The squirrel cuckoo (Piaya cayana) is a large and active species of cuckoo found in wooded habitats from northwestern Mexico to northern Argentina and Uruguay, and on Trinidad. Some authorities have split off the western Mexican form as the Mexican squirrel-cuckoo (Piaya mexicana).[2]

Squirrel cuckoo
Flickr - Dario Sanches - ALMA-DE-GATO (Piaya cayana).jpg
Scientific classification edit
Kingdom: Animalia
Phylum: Chordata
Class: Aves
Order: Cuculiformes
Family: Cuculidae
Genus: Piaya
P. cayana
Binomial name
Piaya cayana
(Linnaeus, 1766)

Cuculus cayanus Linnaeus, 1766


The contrasting undertail plumage. Note the red eye-ring, typical of squirrel cuckoos in most of South America
Chan Chich Lodge area - Belize

This large and extremely long-tailed cuckoo is 40.5–50 cm (15.9–19.7 in) long and weighs 95–120 g (3.4–4.2 oz).[3] The adult has mainly chestnut upperparts and head, becoming paler on the throat. The lower breast is grey and the belly is blackish. The central tail feathers are rufous, but the outer are black with white tips. The bill is yellow and the iris is red. Immature birds have a grey bill and eyering, brown iris, and less white in the tail. It resembles the little cuckoo, but that species is smaller and has a darker throat.

There are a number of subspecies with minor plumage variations. For example, P. c. mehleri, one of the South American subspecies, has mainly brown (not black) outer tail feathers. Additionally, the subspecies from Mexico, Central America, and northern and western South America have a yellow eye-ring, but this is red in the remaining part of South America.

It makes explosive kip! and kip! weeuu calls, and the song is a whistled wheep wheep wheep wheep.

Habitat and behaviorEdit

Squirrel cuckoo with a large caterpillar. Note the yellow eye-ring (the eye itself is reddish), typical of the subspecies from Mexico, Central America, and northern and western South America

The squirrel cuckoo is found in woodland canopy and edges, second growth, hedges and semi-open habitats from sea level to as high as 2,500 m (8,200 ft), although it is uncommon above 1,200 m (3,900 ft).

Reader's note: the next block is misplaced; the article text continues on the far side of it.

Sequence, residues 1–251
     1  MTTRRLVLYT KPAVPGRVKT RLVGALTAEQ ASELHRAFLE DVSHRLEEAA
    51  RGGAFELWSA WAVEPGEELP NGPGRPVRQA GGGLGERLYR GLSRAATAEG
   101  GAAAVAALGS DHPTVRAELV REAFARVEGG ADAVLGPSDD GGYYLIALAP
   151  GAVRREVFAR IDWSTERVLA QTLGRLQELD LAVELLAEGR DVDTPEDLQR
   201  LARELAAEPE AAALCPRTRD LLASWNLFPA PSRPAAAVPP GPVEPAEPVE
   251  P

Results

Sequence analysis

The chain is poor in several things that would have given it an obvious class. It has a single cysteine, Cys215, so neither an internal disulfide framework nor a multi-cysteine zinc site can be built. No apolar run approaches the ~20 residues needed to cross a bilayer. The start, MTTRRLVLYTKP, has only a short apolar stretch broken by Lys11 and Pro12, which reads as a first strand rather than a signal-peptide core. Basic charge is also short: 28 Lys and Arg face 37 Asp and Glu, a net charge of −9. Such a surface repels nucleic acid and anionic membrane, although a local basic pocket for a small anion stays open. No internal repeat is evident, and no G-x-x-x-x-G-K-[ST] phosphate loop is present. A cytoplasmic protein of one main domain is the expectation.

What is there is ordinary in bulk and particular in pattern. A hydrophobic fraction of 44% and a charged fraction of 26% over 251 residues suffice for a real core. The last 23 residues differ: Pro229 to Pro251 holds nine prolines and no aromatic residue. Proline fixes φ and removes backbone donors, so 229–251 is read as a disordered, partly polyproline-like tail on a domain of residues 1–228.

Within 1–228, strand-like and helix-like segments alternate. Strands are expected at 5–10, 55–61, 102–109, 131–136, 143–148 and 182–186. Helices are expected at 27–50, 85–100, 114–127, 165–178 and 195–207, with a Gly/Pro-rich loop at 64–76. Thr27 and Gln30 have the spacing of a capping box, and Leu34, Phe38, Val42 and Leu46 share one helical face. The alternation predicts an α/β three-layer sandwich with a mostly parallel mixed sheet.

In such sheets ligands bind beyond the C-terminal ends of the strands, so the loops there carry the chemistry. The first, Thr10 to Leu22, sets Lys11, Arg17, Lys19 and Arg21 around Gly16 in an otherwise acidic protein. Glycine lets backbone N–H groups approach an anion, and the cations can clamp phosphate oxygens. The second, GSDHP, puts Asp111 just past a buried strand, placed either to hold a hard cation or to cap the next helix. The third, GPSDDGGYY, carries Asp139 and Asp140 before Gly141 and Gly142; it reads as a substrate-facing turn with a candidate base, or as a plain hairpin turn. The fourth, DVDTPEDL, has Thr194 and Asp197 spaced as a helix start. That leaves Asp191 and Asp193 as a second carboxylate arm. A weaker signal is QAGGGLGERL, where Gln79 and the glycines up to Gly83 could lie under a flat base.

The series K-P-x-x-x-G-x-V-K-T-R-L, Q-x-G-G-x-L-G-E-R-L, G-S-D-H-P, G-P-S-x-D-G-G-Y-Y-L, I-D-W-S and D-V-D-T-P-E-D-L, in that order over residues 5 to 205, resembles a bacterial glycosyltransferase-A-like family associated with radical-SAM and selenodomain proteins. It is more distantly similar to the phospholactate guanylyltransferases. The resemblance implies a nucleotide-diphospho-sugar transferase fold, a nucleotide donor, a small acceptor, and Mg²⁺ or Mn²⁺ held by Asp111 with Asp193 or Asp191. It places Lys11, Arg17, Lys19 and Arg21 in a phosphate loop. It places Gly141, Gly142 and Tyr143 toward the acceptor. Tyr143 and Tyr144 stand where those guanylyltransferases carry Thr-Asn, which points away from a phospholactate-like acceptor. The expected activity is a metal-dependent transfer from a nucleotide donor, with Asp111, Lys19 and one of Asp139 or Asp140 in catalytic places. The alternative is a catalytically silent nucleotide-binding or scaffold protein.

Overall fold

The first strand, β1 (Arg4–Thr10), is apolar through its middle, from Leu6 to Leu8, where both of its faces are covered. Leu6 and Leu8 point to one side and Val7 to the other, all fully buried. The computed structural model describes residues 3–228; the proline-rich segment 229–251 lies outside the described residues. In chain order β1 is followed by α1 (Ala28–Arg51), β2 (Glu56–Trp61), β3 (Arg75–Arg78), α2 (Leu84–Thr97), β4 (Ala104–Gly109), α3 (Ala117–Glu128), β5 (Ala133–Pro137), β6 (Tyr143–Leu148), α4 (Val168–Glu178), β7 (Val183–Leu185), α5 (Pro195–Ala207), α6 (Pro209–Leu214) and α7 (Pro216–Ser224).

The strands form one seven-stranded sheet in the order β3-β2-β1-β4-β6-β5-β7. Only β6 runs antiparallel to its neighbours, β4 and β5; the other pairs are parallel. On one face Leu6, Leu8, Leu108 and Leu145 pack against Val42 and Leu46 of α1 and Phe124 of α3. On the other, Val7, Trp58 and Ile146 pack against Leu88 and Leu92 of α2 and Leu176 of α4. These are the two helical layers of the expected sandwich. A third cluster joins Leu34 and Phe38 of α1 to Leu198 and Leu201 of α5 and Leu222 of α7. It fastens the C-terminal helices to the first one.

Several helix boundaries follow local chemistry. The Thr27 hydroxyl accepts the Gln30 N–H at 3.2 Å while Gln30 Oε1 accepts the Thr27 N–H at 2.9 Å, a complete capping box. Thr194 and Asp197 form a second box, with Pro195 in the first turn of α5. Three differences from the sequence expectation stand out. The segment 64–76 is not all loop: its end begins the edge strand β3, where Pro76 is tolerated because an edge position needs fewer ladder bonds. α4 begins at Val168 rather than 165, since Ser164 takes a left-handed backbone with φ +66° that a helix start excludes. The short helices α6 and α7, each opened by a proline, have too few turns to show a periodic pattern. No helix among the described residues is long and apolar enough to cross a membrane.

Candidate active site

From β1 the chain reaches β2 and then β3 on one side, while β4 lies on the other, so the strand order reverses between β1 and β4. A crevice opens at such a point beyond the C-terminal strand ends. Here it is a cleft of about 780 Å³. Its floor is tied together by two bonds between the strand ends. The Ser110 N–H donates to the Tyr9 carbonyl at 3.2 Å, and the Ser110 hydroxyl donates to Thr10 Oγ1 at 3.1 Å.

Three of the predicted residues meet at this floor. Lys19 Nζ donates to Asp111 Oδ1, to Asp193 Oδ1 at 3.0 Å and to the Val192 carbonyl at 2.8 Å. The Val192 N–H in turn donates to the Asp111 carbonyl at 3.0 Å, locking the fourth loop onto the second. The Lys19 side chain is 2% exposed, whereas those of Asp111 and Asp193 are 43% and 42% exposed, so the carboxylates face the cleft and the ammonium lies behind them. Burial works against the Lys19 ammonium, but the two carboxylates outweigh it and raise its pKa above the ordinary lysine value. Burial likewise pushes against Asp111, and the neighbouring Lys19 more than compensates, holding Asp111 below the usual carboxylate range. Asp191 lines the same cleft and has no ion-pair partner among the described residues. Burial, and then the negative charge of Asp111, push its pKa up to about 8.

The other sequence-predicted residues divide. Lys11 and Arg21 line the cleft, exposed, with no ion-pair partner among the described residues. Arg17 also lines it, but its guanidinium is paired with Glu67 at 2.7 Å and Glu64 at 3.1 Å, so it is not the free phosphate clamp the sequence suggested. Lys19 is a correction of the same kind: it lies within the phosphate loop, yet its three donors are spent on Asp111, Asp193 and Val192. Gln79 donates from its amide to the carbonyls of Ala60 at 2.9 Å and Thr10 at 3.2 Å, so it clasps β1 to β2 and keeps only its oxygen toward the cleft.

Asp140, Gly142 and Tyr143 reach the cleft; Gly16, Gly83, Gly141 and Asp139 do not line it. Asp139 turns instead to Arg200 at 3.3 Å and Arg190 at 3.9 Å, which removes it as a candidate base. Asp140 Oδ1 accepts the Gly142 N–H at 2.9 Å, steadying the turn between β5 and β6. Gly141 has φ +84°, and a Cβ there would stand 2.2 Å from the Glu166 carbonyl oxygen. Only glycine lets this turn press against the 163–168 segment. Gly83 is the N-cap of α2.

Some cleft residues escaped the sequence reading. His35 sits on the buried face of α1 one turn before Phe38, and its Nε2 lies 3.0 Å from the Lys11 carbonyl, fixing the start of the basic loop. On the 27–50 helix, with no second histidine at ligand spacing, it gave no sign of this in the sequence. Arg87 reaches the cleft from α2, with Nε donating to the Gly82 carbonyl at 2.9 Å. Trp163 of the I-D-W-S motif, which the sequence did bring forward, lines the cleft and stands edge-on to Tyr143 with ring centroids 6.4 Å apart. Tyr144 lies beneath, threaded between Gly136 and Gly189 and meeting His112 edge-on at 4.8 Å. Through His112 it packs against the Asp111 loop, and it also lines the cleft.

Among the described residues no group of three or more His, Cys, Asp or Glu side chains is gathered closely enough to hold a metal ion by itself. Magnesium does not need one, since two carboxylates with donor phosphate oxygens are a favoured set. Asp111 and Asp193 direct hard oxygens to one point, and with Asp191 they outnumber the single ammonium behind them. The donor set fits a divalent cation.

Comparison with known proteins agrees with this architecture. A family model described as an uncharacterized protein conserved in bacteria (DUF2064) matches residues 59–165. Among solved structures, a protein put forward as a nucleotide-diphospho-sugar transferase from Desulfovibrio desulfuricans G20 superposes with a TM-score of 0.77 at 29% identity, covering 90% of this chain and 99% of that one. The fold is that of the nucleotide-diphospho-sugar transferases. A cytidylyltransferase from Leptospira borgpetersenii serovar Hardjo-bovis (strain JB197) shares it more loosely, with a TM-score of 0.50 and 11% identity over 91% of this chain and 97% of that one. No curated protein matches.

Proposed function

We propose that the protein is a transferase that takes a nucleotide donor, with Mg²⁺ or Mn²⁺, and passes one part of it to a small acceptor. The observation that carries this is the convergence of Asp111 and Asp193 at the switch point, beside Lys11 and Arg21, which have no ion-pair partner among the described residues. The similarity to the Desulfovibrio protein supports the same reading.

This species’ English name derives from its habit of running along branches and leaping from branch to branch like a squirrel. It normally flies only short distances, mainly gliding with an occasional flap.

It feeds on large insects such as cicadas, wasps and caterpillars (including those with stinging hairs or spines), and occasionally spiders and small lizards, rarely taking fruit.[4] Its static prey is typically taken off the foliage with a quick lunge, but wasps may be picked out of the air. Squirrel cuckoos are often observed to forage peacefully alongside small mammals such as common marmosets (Callithrix jacchus) during the dry season for cocoa beans. In particular, they can be seen to attend army ant columns together, picking off prey flushed by the ants, and occasionally will join mixed-species feeding flocks.[5][6][7]

The nest is a cup of leaves on a twig foundation, hidden in dense vegetation 1–12 m (3.3–39.4 ft) high in a tree. The female lays two white eggs.

The squirrel cuckoo is plentiful in most of its range and appears to be quite tolerant of human disturbance, as long as wooded land remains.[7] Compared to many cuckoos in the world, it is relatively bold and conspicuous, although it most often encountered skulking about within vegetation. Owing to its wide range, it is considered a species of Least Concern by the IUCN.[1]


  1. ^ a b BirdLife International (2014). "Piaya cayana". IUCN Red List of Threatened Species. IUCN. 2014. Retrieved 11 August 2014.
  2. ^ BirdLife species factsheet for Piaya mexicana
  3. ^ "Squirrel Cuckoo". Retrieved 3 May 2014.
  4. ^ e.g. of Trophis racemosa (Moraceae).
  5. ^ Machado, C. G. (1999). "A composição dos bandos mistos de aves na Mata Atlântica da Serra de Paranapiacaba, no sudeste brasileiro" [Mixed flocks of birds in Atlantic Rain Forest in Serra de Paranapiacaba, southeastern Brazil]. Revista Brasileira de Biologia. 59: 75–85. doi:10.1590/S0034-71081999000100010.
  6. ^ Lyra-Neves, R. M. D.; Oliveira, M. A. B.; Telino-Júnior, W. R.; Santos, E. M. D. (2007). "Comportamentos interespecíficos entre Callithrix jacchus (Linnaeus) (Primates, Callitrichidae) e algumas aves de Mata Atlântica, Pernambuco, Brasil" [Interspecific behaviour between Callithrix jacchus (Linnaeus) (Callitrichidae, Primates) and some birds of the Atlantic forest, Pernanbuco State, Brazil]. Revista Brasileira de Zoologia. 24 (3): 709. doi:10.1590/S0101-81752007000300022.
  7. ^ a b Foster, M. S. (2007). "The potential of fruit trees to enhance converted habitats for migrating birds in southern Mexico". Bird Conservation International. 17: 45–61. doi:10.1017/S0959270906000554.

Further readingEdit

  • ffrench, Richard; O'Neill, John Patton; Eckelberry, Don R. (1991). A Guide to the Birds of Trinidad and Tobago (2nd ed.). Ithaca, N.Y.: Comstock Publishing. ISBN 978-0-8014-9792-6.
  • Hilty, Steven L. (2003). Birds of Venezuela. Princeton University Press. ISBN 978-0-7136-6418-8.
  • Stiles, F. Gary; Skutch, Alexander F. (1989). A Guide to the Birds of Costa Rica. Comstock Publishing Associates. ISBN 978-0-8014-9600-4.

External linksEdit